The rest of the world is as interested in the U.S. Presidential election as Americans are, and in some cases are even more engrossed. (In Japan, 83% of the population is following the U.S. election, compared with 80% here in the States, according to a poll by the Pew Research Center.) The soaring level of engagement beyond our borders indicates the world is holding its collective breath in hopes of a drastic change from the past eight years. As evidenced by confidence polls and vigorous turnouts during Barack Obama’s recent trip overseas, people of the world believe that Obama, not John McCain, can make change possible.
The facts speak for themselves. According to the Pew study, people in 22 major countries worldwide are 22% more confident about Obama than McCain. The most notable differences come from some of our staunchest allies, markedly France, Britain, Germany, and Japan, which are all at least 30% more confident in Obama.
But why this confidence in Obama, given that he only recently entered the world political arena? The answer is the dirtiest four-letter word on the world stage: Iraq.
The Bush Administration’s blunders there have led to harsh reactions, as Bush’s domestic approval ratings have sunk below 30% and are even lower overseas. Unlike Obama, McCain plans to remain in Iraq, continuing a war that has already worn on for five years and cost the lives of more than 4,000 coalition troops.
McCain’s decision to linger will only spur further parallels overseas between him and the much-maligned President Bush. Efforts by McCain to distance himself from the Bush Administration are faltering on other fronts; in July, he hired three of Karl Rove’s lieutenants to spearhead his campaign.
Obama’s recent world tour garnered tremendous interest—200,000 came to see him speak in Berlin. And some British news outlets have dubbed his world popularity “Obamamania.” If his trip around Europe and the Middle East is any indication of what is to come, Obamamania is precisely what the U.S. needs to repair its eroding relationship with the world.
First, the concessions. Barack Obama is a fresh face in a party opposed to Bush—not a bad recipe for a better international image. Plus, his opposition to an unpopular Iraq war falls right in step with the international zeitgeist—check. And his recent foreign tour saw him enveloped in rock-star status by anti-Bush fans around the globe—that can’t hurt. Surely an Obama presidency would do instant wonders for the U.S. image abroad. Right?
Instantly, sure. But the important question isn’t whether Obama would convey a better image than Bush. It’s whether he’d do better than McCain. Before asking if Obama can improve America’s image abroad better than McCain, it’s better to ask: How are they different?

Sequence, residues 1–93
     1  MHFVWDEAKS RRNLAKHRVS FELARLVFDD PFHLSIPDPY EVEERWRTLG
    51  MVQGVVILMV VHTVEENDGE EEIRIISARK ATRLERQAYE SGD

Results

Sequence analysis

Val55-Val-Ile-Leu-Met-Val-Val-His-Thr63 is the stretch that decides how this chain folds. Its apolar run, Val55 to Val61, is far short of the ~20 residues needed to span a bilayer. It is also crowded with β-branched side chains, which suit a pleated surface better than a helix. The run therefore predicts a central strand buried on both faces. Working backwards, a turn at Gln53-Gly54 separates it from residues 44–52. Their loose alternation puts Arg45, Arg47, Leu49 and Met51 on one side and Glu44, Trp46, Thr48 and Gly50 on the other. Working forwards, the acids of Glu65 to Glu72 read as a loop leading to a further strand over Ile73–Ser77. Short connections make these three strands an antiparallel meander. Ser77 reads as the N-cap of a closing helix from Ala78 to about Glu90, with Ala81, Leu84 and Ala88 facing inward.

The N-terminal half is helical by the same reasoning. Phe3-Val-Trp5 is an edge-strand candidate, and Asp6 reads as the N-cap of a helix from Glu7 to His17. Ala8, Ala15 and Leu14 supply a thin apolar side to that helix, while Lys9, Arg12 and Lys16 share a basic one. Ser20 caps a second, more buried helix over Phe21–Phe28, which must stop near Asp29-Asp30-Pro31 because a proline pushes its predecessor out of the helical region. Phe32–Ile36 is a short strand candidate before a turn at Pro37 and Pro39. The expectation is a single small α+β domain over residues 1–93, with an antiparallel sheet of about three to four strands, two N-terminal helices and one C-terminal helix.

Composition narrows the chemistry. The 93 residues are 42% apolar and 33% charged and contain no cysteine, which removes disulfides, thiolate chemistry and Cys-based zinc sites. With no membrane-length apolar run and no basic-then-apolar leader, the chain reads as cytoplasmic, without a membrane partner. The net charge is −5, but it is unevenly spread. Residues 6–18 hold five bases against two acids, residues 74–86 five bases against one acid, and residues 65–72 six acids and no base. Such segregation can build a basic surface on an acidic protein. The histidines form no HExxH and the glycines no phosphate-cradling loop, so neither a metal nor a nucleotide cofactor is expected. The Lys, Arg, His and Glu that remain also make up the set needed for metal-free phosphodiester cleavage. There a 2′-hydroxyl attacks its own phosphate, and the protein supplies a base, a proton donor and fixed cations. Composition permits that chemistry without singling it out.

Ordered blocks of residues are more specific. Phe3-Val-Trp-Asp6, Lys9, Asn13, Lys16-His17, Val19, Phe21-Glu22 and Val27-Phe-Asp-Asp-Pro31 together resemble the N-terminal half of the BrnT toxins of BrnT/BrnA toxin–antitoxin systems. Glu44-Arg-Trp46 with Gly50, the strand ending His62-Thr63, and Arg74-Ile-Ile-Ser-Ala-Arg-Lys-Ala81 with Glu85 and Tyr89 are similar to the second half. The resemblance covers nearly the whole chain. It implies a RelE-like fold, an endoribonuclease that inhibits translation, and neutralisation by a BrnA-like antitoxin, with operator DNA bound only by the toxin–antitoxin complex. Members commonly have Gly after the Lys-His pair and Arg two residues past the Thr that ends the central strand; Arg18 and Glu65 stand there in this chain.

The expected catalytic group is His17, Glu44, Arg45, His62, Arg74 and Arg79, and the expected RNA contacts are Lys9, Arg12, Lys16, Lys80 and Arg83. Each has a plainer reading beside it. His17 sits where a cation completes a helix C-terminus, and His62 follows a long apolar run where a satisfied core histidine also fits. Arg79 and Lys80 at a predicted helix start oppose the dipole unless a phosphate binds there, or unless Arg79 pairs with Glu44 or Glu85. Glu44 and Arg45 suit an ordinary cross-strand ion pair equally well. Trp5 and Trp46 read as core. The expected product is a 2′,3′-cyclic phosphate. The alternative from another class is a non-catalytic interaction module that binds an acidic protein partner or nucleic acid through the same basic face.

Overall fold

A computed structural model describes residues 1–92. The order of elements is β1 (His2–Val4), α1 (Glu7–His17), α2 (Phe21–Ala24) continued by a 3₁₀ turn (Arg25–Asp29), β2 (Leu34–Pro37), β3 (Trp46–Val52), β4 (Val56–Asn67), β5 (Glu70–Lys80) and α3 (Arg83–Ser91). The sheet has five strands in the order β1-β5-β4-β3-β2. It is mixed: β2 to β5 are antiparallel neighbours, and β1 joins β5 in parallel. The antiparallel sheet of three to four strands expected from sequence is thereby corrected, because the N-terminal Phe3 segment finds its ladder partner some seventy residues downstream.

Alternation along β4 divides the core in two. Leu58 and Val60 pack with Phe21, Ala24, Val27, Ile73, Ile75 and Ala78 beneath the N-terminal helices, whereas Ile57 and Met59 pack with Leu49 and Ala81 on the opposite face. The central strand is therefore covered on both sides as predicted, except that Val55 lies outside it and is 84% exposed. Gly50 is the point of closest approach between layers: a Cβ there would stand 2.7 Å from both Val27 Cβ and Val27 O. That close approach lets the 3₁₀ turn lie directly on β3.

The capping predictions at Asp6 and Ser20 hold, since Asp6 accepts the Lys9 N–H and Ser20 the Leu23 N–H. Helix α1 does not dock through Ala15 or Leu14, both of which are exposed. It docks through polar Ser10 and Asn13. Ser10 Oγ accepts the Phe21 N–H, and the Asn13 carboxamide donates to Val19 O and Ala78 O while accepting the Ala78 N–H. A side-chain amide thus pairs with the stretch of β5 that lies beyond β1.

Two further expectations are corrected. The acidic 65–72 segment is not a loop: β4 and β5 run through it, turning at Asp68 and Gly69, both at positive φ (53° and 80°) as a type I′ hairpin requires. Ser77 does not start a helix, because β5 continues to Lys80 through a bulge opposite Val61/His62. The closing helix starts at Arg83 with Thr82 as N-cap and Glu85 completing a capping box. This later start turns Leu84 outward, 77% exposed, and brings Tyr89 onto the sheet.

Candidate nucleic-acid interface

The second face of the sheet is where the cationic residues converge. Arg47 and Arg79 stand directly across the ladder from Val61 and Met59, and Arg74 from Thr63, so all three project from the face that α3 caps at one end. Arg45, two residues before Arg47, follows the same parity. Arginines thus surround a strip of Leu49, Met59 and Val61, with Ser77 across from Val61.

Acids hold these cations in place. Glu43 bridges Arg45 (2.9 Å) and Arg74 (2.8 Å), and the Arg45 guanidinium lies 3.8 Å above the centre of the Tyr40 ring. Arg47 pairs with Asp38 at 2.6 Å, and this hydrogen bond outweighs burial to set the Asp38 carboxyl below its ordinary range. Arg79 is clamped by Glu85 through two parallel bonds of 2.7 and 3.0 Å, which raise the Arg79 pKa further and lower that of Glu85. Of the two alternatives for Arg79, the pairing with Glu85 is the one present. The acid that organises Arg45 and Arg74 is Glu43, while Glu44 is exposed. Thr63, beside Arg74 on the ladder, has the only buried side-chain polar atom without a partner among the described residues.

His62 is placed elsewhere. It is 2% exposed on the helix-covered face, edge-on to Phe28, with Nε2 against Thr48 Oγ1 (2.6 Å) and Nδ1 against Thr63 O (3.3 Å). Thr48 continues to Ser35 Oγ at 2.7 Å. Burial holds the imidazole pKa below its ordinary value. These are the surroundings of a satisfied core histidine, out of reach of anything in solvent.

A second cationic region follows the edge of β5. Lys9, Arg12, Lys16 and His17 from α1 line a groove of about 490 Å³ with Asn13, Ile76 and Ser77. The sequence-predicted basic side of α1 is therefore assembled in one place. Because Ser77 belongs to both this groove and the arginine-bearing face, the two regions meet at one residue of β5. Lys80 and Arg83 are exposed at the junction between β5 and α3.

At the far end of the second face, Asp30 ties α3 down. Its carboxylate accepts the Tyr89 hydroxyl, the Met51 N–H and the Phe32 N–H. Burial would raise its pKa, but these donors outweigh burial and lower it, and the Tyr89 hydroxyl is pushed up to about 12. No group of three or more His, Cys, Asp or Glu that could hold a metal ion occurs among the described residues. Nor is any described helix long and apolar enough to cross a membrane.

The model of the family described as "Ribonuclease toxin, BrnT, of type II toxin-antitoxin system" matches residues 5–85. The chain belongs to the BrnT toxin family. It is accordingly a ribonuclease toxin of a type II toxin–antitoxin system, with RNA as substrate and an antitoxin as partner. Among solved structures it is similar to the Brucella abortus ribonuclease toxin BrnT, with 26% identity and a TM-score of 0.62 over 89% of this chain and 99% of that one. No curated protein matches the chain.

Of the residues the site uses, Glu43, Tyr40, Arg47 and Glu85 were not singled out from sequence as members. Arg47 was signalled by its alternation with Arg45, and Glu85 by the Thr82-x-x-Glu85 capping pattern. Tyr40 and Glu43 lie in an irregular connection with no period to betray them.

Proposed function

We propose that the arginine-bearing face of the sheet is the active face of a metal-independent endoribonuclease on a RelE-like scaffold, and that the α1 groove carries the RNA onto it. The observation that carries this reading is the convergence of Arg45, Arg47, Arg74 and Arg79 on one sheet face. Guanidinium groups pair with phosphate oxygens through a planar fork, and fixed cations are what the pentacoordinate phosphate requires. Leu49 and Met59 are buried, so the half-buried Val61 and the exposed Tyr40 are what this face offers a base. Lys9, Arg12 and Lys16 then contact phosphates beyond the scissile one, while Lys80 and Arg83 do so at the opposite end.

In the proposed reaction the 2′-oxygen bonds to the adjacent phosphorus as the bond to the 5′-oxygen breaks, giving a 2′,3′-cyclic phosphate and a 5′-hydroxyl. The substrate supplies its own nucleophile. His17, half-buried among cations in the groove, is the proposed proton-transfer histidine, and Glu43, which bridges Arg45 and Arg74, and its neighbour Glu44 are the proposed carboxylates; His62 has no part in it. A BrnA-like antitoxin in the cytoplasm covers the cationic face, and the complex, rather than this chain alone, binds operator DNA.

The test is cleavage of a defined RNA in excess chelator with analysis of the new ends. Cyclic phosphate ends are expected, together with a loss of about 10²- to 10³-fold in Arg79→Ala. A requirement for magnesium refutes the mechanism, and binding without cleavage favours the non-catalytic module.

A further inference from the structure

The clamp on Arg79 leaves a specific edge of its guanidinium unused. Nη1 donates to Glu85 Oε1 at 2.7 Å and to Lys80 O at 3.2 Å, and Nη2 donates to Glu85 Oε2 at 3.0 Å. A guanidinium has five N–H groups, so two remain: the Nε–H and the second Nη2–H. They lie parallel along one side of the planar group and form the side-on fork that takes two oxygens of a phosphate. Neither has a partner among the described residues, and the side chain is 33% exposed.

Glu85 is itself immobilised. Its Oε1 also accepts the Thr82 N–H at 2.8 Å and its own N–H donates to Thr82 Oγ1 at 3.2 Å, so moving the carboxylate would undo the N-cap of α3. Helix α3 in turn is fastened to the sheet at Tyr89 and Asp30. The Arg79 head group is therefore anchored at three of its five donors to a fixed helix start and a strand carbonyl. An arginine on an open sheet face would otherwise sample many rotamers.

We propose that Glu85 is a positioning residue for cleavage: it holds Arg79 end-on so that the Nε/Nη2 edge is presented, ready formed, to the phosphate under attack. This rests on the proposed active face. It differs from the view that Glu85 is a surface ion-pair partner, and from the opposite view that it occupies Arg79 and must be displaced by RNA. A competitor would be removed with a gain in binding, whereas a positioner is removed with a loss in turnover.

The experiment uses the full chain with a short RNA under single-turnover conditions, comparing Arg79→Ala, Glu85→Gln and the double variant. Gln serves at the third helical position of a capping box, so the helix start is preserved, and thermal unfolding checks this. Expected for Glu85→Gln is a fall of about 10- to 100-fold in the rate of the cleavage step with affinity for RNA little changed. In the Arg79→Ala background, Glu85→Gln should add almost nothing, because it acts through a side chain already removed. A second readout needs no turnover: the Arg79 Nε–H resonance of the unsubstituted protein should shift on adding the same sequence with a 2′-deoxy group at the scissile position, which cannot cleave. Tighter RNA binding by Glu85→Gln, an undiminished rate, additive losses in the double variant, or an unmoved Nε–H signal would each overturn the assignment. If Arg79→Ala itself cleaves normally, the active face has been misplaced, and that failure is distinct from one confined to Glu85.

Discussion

What about the biggie, the Iraq war that has aroused international ire for the past five years? Obama’s initial promise of a 16-month withdrawal doesn’t look quite so resolute anymore, as he said in a July speech that the withdrawal is predicated on whether Iraq is stable and U.S. troops are safe. That’s a huge “if.” How would the international community view Obama if 16 months in office passed and—surprise—Iraq wasn’t stable?
And despite their disparate images, Obama stands on the same ground with McCain on many substantive issues:
His views on torture? Both he and McCain detest it.
Pre-emptive military action? Both he and McCain would use it.
Putting more pressure on Pakistan? Ditto.
Preventing nuclear proliferation? Same.
Spreading American influence? Both speak of “uniting the world’s democracies” and “building democratic societies.” That won’t engender goodwill from the large percentage of foreigners who resent American political and cultural hegemony. According to a 2007 Pew Research poll, majorities or pluralities in most countries dislike American ideas about democracy.
Obama hasn’t offered any evidence to the international community that he warrants its approval, other than that he isn’t Bush. That’s not a recipe for an enduring good image.
Opinions and conclusions expressed in the BusinessWeek Debate Room do not necessarily reflect the views of BusinessWeek, BusinessWeek.com, or The McGraw-Hill Companies.
Please send us your ideas for new Debate Room topics. If you're an academic, association officer, or other industry expert and would like to write a Debate Room essay, send us a query. Questions? See the